Digital Humanitarians


Humans have been helping each other ever since they walked upright or were created. Proximity and knowledge has largely determined how much help one could provide or get in any given situation. A Digital revolution in the past decade continues to touch every innate of life aspect around the globe bringing about weighty changes in technology, culture, operations, and principles of creating new products and services in the framework of economic globalization and innovations. This is as new technologies that include ever-ready digital sensors to social network platforms, from smartphones to readily available satellite imagery is making the world an ever-more-connected place.These technologies can enhance the performance of humanitarian practices and, as a result, the capability to save more lives of people affected by economic downturns, pandemics, armed conflict, disaster, as well as migrants, and refugees.

Digital Humanitarians


The overriding DHG agenda is to provide humanitarian, industry and public
stakeholders with a system-wide view that can only be achieved through
harnessing the power of combined private and public sector data elements,
to allow near real time visibility of the flow of relief and essential goods at a
global and local level.

The Opportunity

The Digital revolution has made essential information available than the slow and sometimes conflicting trickle of information available on ground zero. This has made humanitarian response more targeted and suitable to recipients. Digital humanitarianism has an added benefit to crisis response in that it creates a sense of fellowship resulting in more interaction between humanitarians and those they seek to assist. It has been argued that access to these technologies humanitarians be more humane. It helps humanitarians reach out, offer assistance, contribute skills, and extend the scope of compassion. However, the ‘digital divides’ between people with and without the means to effectively use these new technologies is enormous. Digital interventions also come with new risks to affected individuals and communities that assistance providers must navigate. There to lies an opportunity to engage.


Access to Digital Technology

Lack of appropriate digital literacy and technology widens the “digital divide” and lead to
biases and digital discrimination, particularly in the use of AI. Investment in connectivity,
technology and digital literacy can help bridge digital divides and aid localized approaches. Collaboration with other actors can boost synergies between areas of expertise and save
resources. This programme helps facilitating the access to both low end and high end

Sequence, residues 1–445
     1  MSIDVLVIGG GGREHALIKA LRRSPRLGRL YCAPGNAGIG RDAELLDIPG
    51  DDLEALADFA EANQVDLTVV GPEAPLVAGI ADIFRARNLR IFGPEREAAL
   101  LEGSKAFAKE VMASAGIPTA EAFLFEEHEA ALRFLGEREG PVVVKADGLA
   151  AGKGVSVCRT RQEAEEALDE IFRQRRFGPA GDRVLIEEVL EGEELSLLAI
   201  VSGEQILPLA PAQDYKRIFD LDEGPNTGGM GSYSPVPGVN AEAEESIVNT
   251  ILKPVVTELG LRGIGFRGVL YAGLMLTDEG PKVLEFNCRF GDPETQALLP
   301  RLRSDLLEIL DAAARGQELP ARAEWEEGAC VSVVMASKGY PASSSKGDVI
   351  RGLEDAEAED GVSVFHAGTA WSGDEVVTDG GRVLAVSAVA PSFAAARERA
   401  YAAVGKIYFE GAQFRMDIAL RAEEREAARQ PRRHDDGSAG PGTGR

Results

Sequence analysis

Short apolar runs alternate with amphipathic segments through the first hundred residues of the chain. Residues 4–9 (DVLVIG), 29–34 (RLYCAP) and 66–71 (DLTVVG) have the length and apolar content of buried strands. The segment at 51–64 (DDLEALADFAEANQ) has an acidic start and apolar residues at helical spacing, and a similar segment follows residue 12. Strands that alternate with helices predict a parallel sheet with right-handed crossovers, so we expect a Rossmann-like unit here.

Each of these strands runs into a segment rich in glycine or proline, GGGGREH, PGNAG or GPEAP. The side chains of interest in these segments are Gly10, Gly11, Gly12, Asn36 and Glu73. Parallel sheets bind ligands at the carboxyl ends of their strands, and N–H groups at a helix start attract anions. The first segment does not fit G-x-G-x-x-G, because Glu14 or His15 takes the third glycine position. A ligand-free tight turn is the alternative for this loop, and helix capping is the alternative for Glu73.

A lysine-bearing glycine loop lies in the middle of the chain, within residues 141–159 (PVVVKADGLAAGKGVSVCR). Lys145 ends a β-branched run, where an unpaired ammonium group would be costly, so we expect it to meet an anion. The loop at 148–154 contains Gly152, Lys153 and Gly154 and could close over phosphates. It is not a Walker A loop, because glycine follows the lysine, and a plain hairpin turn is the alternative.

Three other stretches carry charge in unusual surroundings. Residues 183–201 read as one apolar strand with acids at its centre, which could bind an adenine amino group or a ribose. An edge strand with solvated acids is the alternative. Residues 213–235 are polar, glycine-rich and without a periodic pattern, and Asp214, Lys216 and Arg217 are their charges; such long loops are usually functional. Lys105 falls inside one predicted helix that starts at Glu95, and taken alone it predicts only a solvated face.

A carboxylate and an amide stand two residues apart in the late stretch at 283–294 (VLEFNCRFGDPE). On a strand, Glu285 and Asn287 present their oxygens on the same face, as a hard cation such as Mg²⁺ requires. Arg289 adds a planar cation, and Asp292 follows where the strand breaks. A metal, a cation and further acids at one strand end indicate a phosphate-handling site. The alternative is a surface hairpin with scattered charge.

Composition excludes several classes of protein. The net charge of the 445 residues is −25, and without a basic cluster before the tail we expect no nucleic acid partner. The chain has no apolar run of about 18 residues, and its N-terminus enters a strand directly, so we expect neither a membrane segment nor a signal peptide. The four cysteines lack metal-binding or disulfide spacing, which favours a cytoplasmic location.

technology as well improving digital technology. This includes internet and gadget access.

Social Media for Good

Over three billion people use social media. This includes individuals affected by natural disasters or armed conflict. More and more, people affected by crises look to these platforms to find and share vital information. In the chaos that normally follows a disaster or crisis, rumors and fake news can spread quickly. If left unaddressed, these can undermine the trust people have in humanitarian organizations, and can even make it less safe for our volunteers and staff. By engaging with social media as standard practice in the aftermath of an emergency, we can understand what people are worried about, we can see the news they are sharing, and we can respond decisively, accurately and collaboratively. This programme champions the use of social media to engage people affected by crisis.

Digital Identity

The GSMA estimates that more than 80% of refugees worldwide reside in countries where proof of identity is required to register for a mobile SIM card or to open a Mobile Money Account. Having been forced to flee their homes, refugees often lack the necessary identification credentials (such as a passport or national identity card) to meet “Know Your
Customer/Customer Due Diligence” requirements in their country of refuge.This can prevent access to key mobile services in their own name,restricting opportunities for digital and financial inclusion and placing‘We should understand humanitarian action as a network of relations, rather than a series of transactions.’ Paul Currion barriers in the way of the efficient delivery of vital humanitarian assistance.The humanitarian sector cannot help people if it fails to see them. People who lack proof of identity are often effectively out of sight when it comes to receiving the assistance they need.This programme helps with advocating the use of digital identity while also assisting with access to these identities.